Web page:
INITIAL STRENGTH TRAINING IS MAINLY A SKILL LEARNING RESPONSE
Akima, J., Takahashi, H., Kuno, S-Y., Masuda, K., Masuda, T., Shimojo, H., Anno, I., Itai, Y., & Katsuta, S. (1999). Early phase adaptations of muscle use and strength to isokinetic training. Medicine and Science in Sports and Exercise, 31, 588-594.
The effects of short periods of isokinetic resistance training on muscle use and strength were studied. Men (N = 7) trained the right quadriceps femoris muscles nine times over a two-week period using 10 x 5 knee extensions on each occasion.
No changes were found in muscle cross-sectional area, muscle fiber types, fiber area, and phosphofructokinase activity after training. Isometric and isokinetic peak torques across a range of movement velocities and relative area of activated muscle increased significantly.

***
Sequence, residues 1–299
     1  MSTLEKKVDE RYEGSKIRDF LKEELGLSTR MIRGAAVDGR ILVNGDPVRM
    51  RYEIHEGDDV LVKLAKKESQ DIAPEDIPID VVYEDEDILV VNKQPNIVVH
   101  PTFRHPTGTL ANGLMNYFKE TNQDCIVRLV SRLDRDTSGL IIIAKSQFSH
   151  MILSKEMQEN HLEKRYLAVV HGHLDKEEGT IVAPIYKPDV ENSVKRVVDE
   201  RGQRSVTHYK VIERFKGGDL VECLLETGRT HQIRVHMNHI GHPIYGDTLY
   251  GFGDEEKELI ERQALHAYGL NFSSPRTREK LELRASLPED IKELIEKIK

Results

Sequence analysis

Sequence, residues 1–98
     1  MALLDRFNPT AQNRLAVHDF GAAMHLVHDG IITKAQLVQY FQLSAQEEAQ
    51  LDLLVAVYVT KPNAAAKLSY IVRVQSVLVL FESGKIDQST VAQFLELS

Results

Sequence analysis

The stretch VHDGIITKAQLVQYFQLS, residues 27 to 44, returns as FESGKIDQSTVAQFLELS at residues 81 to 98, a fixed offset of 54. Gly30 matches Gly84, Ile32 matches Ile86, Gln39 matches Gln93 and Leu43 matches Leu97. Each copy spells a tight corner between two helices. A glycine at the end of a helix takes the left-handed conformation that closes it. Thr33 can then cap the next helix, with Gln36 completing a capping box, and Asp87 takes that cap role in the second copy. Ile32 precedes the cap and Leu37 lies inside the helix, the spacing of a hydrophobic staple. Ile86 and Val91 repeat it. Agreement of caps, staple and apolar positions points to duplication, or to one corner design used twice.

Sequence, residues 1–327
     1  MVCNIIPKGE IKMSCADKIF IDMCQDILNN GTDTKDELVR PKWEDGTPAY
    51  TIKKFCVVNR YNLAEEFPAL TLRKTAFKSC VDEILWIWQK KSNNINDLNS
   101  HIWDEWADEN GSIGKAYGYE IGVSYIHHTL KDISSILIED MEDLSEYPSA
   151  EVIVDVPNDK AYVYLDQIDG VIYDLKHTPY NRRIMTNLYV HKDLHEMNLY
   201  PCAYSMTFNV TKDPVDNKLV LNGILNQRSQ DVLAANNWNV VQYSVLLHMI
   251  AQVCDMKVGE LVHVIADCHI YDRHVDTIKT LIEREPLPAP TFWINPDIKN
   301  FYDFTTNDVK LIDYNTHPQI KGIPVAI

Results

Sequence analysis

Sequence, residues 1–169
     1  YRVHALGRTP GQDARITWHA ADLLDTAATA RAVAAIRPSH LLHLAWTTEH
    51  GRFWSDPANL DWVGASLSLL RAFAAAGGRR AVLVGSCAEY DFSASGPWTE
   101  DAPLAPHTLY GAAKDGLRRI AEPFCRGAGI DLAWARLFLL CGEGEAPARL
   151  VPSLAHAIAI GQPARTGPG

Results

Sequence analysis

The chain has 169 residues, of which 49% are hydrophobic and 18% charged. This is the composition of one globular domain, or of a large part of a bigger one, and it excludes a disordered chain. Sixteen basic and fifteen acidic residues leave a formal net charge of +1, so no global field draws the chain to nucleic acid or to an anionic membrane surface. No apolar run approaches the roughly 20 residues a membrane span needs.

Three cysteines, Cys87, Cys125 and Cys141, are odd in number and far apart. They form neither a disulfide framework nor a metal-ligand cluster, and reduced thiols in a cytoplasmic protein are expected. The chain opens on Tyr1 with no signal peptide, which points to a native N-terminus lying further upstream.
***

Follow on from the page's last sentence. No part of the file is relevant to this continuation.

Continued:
It was concluded that muscle strength increases after short periods of isokinetic resistance training occurred because of increased contractile activity and not hypertrophy.
Implication. Early strength gains are due to better use of existing resources, not hypertrophied muscle fibers. This supports the notion of there being an initial skill learning response to strength training stimulation, that is, the individual learns to do the activity better.
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